‘You are what you eat’ is a common phrase in our societies. This phrase simply speaks to the fact that to be fit and healthy, you need to eat good food and drink. Literally, we can agree that it is true that ‘you are what you eat’.  There is evidence showing that many of the diseases and health problems of our societies have their roots in our diets.

Many modern diets are often high in sugar, fats, oils, and salt. These ingredients are present in nearly every food we eat on a daily basis. Food-Based Dietary Guidelines (FBDG) are a crucial tool for promoting healthy eating habits by providing access to reliable nutrition and health information. The FBDGs are based on the principles of diversity, availability, and affordability to make healthy eating more accessible to everyone.

Need to act.

According to FAO in 2020, it was on record that 821 million people out of 7.1 billion of the world’s population suffered from hunger. The irony is that 672 million suffer from obesity while a further 1.3 billion are overweight. This situation is quite disturbing and must change if the Sustainable Development Goal Two (SDG2) of zero hunger by 2030 is to be achieved. Other statistics reveal that attaining zero hunger could save the lives of 3.1 million children a year. Equally, well-nourished mothers are said to have healthy babies with stronger immune systems.

The journey

It is good to note that the journey began six years ago, in a bid to promote optimum health among the Ghanaian populace through food-based approaches. The Ministry of Food and Agriculture (MoFA) constituted a multi-sectorial task team (MTTT) drawn from related ministries, departments and agencies to develop the FBDGs, with technical support from the Food and Agriculture Organisation (FAO).

The School of Public Health of the University of Ghana and the Women in Agriculture Development Directorate of the MoFA, the lead agencies, faced challenges with funding in the course of the preparation for the launch. However, with support from the FAO, the World Food Programme (WFP) and the United Nations Children’s Fund (UNICEF), the project was successfully launched last month.

The successful development of the FBDGs is an accomplishment worth celebrating since Ghana is one of the few countries in Africa that has produced FBDGs. It is an important milestone of the pathways of the United Nations Foods System Dialogue. The FBDGs are significant because as we all know, food, nutrition and health constitute the bedrock of a healthy nation. The FBDGs are built with the whole lifecycle from childhood to adulthood, with the aged also very much in sharp focus.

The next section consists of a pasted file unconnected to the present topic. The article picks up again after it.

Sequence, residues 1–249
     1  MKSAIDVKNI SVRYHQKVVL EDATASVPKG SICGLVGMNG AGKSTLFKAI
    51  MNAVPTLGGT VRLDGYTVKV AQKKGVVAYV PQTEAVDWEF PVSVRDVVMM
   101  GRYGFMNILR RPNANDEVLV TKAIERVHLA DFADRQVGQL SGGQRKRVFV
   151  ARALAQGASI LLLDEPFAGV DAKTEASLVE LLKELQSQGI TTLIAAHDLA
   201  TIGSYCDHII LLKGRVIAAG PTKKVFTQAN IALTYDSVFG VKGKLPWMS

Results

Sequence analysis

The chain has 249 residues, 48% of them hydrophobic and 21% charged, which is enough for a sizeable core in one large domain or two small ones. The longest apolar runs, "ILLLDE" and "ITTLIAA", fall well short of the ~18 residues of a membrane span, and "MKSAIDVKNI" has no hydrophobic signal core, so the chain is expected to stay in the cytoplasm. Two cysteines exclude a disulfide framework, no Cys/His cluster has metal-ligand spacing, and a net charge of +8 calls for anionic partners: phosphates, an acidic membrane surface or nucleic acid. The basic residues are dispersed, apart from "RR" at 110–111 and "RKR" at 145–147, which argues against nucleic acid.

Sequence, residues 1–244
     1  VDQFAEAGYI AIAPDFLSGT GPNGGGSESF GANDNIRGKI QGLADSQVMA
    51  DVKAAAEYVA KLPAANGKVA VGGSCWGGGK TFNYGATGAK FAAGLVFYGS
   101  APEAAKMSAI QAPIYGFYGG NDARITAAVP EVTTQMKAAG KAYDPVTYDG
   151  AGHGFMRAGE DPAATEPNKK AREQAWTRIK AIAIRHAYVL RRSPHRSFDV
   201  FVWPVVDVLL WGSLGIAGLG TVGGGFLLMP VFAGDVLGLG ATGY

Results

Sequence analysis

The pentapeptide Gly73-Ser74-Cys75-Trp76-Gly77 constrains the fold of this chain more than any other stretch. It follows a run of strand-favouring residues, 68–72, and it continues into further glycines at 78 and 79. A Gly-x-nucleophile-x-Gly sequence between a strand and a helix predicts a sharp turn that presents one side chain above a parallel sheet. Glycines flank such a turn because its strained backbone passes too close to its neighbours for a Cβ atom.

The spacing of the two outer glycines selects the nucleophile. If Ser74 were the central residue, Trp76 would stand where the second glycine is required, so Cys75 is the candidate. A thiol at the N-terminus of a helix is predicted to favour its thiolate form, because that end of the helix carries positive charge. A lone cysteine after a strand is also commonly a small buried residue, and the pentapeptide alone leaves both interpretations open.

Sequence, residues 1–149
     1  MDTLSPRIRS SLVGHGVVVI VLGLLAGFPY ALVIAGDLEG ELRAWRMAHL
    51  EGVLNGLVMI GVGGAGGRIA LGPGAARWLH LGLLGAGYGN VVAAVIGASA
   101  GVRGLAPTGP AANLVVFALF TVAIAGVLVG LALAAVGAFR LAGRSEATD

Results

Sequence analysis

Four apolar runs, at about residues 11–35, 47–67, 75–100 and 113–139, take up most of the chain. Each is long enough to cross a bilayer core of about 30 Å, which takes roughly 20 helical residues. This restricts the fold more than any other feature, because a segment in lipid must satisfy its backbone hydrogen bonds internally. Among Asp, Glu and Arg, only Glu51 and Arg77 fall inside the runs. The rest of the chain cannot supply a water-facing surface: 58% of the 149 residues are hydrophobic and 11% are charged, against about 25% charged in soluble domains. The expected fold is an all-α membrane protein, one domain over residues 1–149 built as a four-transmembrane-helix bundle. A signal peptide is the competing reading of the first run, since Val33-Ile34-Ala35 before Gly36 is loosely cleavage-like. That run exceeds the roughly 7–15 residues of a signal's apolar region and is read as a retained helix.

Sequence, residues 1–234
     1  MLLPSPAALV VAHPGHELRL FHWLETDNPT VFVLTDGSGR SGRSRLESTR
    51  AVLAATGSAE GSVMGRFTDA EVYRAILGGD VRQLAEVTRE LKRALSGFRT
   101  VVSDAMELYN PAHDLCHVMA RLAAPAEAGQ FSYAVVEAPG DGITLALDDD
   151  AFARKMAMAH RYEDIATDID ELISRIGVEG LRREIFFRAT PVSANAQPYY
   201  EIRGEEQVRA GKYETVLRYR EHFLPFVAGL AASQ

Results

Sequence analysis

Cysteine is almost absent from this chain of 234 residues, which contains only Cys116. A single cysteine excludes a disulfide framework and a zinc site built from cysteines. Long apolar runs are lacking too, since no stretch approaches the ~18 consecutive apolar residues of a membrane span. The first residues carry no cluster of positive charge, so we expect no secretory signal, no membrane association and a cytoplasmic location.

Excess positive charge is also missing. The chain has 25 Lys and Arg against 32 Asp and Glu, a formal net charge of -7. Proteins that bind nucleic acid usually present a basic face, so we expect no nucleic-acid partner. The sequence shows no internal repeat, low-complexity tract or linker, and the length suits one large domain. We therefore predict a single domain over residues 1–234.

Staying healthy

We all know that nutrition-specific actions address acute health challenges, but they are usually unsustainable and so it is, therefore, important everyone gets on board to adopt more sustainable measures through food-based approaches in addressing the myriad of challenges associated with food, nutrition and health. Equally, we are also encouraged to take other recommendations seriously through more physical activity and eating what we grow.

It’s important to avoid consuming too many processed foods since they often contain high levels of fat, chemicals, salt, and sugar. Additionally, it’s important to consume alcohol in moderation, as excessive consumption can have adverse effects on our health.


I take this opportunity to call on MoFA and other key stakeholders to remain committed to the quest of facilitating sustainable agricultural production to always meet food and nutrition requirements. This is necessary for an active and healthy society, and the overall peace and stability. Private sector involvement through investments along the agricultural value chain is also critical in achieving food self-sufficiency.

Investments in agricultural infrastructure, including machinery, processing equipment, dams, and warehouses, among others are very important. Several sectors are essential for building a robust food system, including energy, roads, transport, social protection, finance, health and education have important roles to play and ought to come fully and quickly to terms to that realisation.

Indigenous foods commodities

As a country, we are blessed to have food in great diversity, and we must maximise consumption of our food commodities to reap all the benefits to enhance our nutritional status. Our indigenous foods have sustained generations and proven to be supportive of our focus towards optimum health.

Indeed, evidence from our food composition tables and research outputs, attest to the benefits of patronising the local foods. Of great concern, however, is the exploitative activities that create serious environmental imbalance. These include pollution of water bodies, deforestation, bush burning and other forms of degradation of the environment such as illegal mining activities such as galamsey.

As a country, there is the need to intensify efforts at protecting the environment if we are to fully benefit from the harvests of our investment in crops, livestock, and fisheries.


Mention is made of Professor Anna Lartey, who during her tenure as the Nutrition Officer at the FAO Headquarters in Rome, spearheaded mobilisation efforts towards the development of our FBDGs. Her efforts were complemented by the Global Panel on Agriculture and Food Systems.

The writer is the Head of Public Relations
Ministry of Food and Agriculture



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